State to hold bar steady for school progress determinations
South Dakota schools will be playing by last year’s rules when it comes to the state issuing determinations of adequate yearly progress, or AYP, later this summer. Determination of AYP is an annual process required under No Child Left Behind.
State Secretary of Education Melody Schopp announced via conference call to superintendents today that South Dakota will hold its goals for proficiency in reading and math at 2009-10 levels, rather than bumping up those targets as previously anticipated. In addition, the state will reduce its graduation rate goal to 80 percent from the current target of 85 percent.
In a letter to the U.S. Secretary of Education Arne Duncan, Schopp wrote: “Without making these changes, we believe our accountability system, as it currently stands, would inappropriately label schools as failing. This situation would eventually trigger a number of NCLB-related sanctions that our department simply does not have the capacity to address.”
Schopp cited a number of reasons for the change – chief among them flaws in the current system for school accountability, as well as a lack of reauthorization of the Elementary and Secondary Education Act, or ESEA, also referred to as NCLB.
“Everyone recognizes that the standards imposed under NCLB become increasingly unrealistic over the next two or three years,” Schopp said. “That is why it was widely assumed that ESEA would be reauthorized and rewritten by sometime this spring. Gridlock in Congress has prevented that from happening and requires us to take this step.”
All states will be required to move to a new method of calculating graduation rate. Under this method, students who do not complete high school in four years count negatively against a school. “We know this change will have a negative impact on schools – even as they are trying to do the right thing for kids,” Schopp said. “By moving to a goal of 80 percent, we soften that blow and still maintain a respectable goal for graduation within four years. Most importantly, we don’t give up on those students who do not complete high school in four years.”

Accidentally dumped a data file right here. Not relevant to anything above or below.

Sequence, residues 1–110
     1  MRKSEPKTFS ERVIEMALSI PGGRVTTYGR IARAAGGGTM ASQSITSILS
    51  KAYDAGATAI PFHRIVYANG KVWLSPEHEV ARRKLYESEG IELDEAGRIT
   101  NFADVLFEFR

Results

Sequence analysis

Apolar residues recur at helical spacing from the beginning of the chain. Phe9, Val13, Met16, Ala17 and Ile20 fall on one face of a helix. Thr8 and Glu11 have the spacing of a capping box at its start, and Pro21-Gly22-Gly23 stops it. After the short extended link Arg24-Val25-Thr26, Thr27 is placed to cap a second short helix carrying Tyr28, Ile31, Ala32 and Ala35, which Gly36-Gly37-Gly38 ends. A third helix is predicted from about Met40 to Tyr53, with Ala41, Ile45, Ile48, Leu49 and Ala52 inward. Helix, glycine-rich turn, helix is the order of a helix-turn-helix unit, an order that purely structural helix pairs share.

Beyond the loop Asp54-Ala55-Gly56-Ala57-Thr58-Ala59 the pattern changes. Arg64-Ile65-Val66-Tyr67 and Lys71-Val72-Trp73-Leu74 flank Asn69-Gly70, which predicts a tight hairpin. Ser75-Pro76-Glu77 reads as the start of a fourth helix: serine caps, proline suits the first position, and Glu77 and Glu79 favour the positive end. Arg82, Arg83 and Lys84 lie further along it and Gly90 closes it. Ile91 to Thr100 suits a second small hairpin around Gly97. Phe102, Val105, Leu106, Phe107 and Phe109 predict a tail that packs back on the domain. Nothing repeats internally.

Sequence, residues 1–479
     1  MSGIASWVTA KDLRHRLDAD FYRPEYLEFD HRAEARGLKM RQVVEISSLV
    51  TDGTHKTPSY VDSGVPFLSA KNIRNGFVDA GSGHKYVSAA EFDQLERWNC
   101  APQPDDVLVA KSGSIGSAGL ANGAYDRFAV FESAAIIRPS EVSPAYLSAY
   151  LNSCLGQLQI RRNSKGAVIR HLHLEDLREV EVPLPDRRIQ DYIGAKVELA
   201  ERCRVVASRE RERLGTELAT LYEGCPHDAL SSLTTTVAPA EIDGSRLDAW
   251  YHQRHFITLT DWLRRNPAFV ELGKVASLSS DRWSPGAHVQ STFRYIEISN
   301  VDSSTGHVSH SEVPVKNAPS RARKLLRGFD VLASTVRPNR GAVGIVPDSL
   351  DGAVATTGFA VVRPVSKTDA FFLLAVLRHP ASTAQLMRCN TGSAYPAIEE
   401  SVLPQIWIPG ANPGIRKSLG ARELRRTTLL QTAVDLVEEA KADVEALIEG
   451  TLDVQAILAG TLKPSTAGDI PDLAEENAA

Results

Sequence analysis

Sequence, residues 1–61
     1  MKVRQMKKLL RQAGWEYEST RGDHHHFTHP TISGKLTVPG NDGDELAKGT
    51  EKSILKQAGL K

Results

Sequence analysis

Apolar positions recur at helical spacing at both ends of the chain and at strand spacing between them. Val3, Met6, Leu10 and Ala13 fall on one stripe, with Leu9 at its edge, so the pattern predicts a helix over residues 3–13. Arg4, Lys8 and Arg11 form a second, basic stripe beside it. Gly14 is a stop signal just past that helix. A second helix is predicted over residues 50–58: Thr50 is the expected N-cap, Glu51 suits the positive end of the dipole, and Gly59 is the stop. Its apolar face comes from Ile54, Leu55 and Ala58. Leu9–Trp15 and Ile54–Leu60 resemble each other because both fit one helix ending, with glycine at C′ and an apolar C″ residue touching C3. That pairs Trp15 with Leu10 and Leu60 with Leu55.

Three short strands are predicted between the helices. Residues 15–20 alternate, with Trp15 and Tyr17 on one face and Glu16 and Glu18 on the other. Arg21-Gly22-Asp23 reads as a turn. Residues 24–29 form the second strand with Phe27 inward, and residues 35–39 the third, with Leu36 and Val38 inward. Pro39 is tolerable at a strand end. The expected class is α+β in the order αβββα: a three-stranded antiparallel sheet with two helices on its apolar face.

Schopp is hopeful that, because of federal delays in reauthorizing ESEA, the U.S. Department of Education will grant South Dakota a waiver to adopt these standards. She noted that the state will be moving forward with developing a new accountability system – one based on nine key principles developed in conjunction with 40 other states across the country. While sharing commonalities with other states, the new system will be one that is unique to South Dakota, and one that is “legitimate, useful and promotes continuous improvement,” according to Schopp.
“South Dakota remains committed to accountability, and I believe our track record in the area of student achievement demonstrates that commitment,” Schopp wrote. “South Dakota students routinely score above the national average on the National Assessment of Educational Progress as well as on the ACT. Proficiency levels on our state test also remain high. Certainly, we have issues and challenges, which we recognize and are seeking to address.”
Until a new accountability system is in place, South Dakota schools will be held accountable at the 2009-10 targets for proficiency in reading and math.